In 2008 a Turkish friend took me to a big mall called the Istinye Mall and I think I was looking for sunglasses or something. I wasn’t looking for harem pants and in this big boutique called Nu, there was these trousers hanging, and this was the interesting thing, there was a lot of fabric at the part you call below the knee, they were silky jersey, but with an enormous amount of fabric between the knee and the calf. I looked at them hanging up and I thought no that is impossible, my Turkish friend convinced me to try them on. I now have 18 pairs of these pants and have been wearing them for 9 years.

    Friends sometimes tease me, not everybody gets them, I get them dry cleaned, I rotate them some years I don’t wear them at all. They are my favorite garments.
    You got it.

    Sharon Haver:
    And that just goes to prove, I had the designer version and I was inspired by yours, and the ones that work are the ones you got in Istanbul.


    Joan Juliet Buck:

    She is a cool designer, Nu or whoever this woman is, she is obviously not called Nu, she used to work for Armani.
    She knows how to drape, these things drape, and they fall, they are slim around the waist and the hips, and then they get very big under the knee.

    They are fantastic, they are the best cut pants I have ever had, my friends tease me, “No, no, not the harem pants again,” I wear them for days, I wear them for travel, I wear them for evening clothes. I have 18 pairs.

    Sharon Haver:
    And they work, they are a statement piece, they are timeless and they are you. I think that is something that is so important to stylists, especially to someone who doesn’t really, they are kind of fashion phobic, they don’t feel that they have a whole lot of style.

    They see what is in the magazines and there is no one that knows it better than you and the fantasy that is projected there, it is a fantasy it is aspirational, something to get excited about.

    Can you help people out there who are a little fashion phobic and don’t really understand how you create fashion?


    Joan Juliet Buck:

    I am a little fashion phobic; I have always been more attracted to costume than fashion. Growing up in the 60’s in London of course I wanted to look like everyone else, I wasn’t 5’9”, straight blond hair and skinny legs.

    I had to find a different way in, today one of the so called victories of fashion is to have eliminate all of the norms, all should, all the musts, which is why when you open a fashion magazines you see ads for sheer net dresses to be worn over underwear so that your underwear can be seen, ankle length transparent dresses.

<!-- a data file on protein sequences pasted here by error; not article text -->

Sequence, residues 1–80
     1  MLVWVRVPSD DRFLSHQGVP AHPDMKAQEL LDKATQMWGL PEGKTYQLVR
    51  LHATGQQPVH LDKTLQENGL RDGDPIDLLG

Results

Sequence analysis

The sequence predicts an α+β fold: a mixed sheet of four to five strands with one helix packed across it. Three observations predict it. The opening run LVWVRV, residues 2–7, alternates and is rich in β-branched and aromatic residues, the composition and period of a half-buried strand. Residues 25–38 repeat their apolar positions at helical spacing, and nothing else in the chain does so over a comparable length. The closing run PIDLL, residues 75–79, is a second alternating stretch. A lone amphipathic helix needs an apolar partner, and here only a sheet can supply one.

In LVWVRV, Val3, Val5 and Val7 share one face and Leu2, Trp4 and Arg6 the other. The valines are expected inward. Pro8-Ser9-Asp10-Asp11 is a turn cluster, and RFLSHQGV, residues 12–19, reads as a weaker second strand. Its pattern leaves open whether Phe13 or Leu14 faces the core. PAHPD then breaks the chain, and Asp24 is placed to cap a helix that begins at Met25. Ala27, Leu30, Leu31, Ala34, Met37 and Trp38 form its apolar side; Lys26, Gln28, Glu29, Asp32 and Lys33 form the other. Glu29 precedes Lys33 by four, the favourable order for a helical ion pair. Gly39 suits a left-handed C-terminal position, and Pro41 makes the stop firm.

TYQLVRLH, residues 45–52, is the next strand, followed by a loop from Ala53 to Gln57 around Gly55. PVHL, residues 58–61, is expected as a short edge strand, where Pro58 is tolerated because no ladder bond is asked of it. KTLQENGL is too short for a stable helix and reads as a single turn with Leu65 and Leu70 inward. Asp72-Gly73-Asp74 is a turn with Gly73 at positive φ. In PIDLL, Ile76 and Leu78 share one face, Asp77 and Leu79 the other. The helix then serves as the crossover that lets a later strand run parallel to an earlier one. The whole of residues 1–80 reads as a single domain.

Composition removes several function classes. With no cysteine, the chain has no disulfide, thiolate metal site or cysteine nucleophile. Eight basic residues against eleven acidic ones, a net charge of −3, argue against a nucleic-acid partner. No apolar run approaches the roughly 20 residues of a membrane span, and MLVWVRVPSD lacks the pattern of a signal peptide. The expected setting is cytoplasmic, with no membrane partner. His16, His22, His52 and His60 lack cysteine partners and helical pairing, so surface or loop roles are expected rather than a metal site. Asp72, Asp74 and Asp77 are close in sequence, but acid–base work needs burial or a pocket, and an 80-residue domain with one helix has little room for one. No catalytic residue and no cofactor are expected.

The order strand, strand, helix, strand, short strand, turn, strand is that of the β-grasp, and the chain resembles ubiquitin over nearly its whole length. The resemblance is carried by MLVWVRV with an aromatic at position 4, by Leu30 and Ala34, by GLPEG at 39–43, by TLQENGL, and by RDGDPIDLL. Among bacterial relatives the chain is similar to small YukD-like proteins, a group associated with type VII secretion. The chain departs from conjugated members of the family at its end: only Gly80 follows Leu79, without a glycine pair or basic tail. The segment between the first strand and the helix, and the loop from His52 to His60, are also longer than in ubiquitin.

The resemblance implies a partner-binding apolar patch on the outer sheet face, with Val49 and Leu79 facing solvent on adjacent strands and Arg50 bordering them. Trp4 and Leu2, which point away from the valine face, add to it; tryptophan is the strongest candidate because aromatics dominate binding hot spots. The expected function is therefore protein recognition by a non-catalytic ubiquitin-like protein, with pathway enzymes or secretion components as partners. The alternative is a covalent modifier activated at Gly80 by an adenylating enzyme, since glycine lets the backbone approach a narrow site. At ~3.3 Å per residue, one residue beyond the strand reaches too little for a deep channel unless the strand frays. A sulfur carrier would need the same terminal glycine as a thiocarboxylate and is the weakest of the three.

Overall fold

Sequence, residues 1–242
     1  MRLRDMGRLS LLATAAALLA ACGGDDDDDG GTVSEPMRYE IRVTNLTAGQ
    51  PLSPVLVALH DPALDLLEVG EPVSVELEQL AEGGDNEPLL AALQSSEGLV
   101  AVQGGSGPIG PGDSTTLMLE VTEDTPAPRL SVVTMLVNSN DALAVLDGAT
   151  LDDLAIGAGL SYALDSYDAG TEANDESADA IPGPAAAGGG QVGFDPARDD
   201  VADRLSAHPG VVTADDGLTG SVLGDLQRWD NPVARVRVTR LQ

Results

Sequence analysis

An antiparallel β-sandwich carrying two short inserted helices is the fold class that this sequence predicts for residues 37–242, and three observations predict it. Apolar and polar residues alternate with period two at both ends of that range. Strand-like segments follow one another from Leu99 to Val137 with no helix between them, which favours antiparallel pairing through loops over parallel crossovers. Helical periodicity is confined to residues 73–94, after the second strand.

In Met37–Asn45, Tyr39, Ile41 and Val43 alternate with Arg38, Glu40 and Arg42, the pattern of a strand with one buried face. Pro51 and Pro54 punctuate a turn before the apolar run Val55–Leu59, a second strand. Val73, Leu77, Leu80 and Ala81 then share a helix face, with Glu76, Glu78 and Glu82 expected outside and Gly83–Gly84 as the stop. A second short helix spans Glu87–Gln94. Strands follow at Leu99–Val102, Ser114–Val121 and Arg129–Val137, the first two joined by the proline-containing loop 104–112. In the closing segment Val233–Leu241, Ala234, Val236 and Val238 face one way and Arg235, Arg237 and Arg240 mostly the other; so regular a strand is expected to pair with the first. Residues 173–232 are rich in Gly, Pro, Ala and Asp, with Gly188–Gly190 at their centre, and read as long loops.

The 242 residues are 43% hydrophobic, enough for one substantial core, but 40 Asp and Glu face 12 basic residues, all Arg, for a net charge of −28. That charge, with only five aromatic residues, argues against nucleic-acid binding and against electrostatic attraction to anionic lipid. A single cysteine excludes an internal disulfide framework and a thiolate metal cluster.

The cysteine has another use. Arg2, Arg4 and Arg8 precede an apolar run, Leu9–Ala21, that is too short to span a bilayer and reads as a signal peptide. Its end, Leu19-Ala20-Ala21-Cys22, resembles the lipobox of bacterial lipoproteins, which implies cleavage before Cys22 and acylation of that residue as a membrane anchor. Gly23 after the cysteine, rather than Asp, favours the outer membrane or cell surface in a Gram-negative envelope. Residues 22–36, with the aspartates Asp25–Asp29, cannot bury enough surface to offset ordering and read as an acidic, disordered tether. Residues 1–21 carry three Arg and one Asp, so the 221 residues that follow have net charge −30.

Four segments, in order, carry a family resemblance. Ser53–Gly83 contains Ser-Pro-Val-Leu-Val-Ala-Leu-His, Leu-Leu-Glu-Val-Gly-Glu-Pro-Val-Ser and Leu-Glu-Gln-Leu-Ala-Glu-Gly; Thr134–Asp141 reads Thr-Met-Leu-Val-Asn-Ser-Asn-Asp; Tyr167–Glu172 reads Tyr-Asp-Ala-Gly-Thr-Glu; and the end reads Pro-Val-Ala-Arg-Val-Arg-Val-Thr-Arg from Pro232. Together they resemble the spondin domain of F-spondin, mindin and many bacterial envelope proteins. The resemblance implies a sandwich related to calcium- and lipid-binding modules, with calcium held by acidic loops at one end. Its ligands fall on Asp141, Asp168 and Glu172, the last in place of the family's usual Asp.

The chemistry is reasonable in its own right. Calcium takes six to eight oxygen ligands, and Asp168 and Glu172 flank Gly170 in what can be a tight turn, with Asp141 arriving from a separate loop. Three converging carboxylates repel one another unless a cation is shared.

No, this is not anything anybody wants to wear.

    There is certain kind of platonic ideal of beauty guides to do with proportion, to do with shape, everybody can find the thing that they look fantastic in, but they wont necessarily find it in the ads of the fashion magazines.
    read more


    08:53


    Sharon Haver:

    Absolutely, and how can someone find their own style? I know a lot of it comes from simply being aware, I think awareness is something that people short changes themselves especially if you are running your own business or if you are a certain point in life, I feel old, I feel this, I feel that, life has so much inspiration around it and I think that just being aware and opening up to everything that is there, ideas just come to you if you allow them, if you use life to have a kick start, so how do you get someone to get that gift?


    Joan Juliet Buck:

    It is like writing, when I wrote my memoirs, The Price of Illusion it started as 1050 pages and I got it down, I wrestled and scraped that book down to 450 pages. I have words under my fingernails on how hard I scraped that book.

    It is the same thing as anything.

    I was trying to find what the true story that I was trying to tell, but I had to start with all of the material that I could pull together and put down on the page, it is the kind of the same when you are looking for clothing, I don’t call it fashion, I call it the outer layer of the self, what you are going to be wearing.

    I say and I always say this, go to the sale racks, I love the sale racks at Bergdorf’s get a dressing room, jam that puppy so full get in 30,40,60 different things, give four hours to trying on everything that you can lay your hands on and out of all of those things, there will be a couple when you look in the mirror they will look better than the things before.


    Sharon Haver:

    That is brilliant.

    Joan Juliet Buck:
    It is trial and error and the more things you bring in, I don’t think you need a particularly developed eye to do this, sometimes there is a wonderful old sales lady that will help you, never bring a girlfriend she will get hungry, impatient and competitive.

    Don’t bring a man, he will try and speed things up and only go for the sexy stuff, no.

    Do it alone, you are writing and rearranging your style, it will take hours but when you come out of that dressing room you will have one or two or three things that are the templates of what you want to go after.


    Sharon Haver:

    I agree with you like those harem pants, you buy what you gravitate to, you buy magazines to stay relevant, to stay modern to see what is in, and you buy what you gravitate to.


    Joan Juliet Buck:

    Listen I am in Sarasota right now, I am in Florida on this tour because I am doing something with the Sarasota Museum of Art, I am wearing a pair of my harem pants, in blue! They are my seaside version.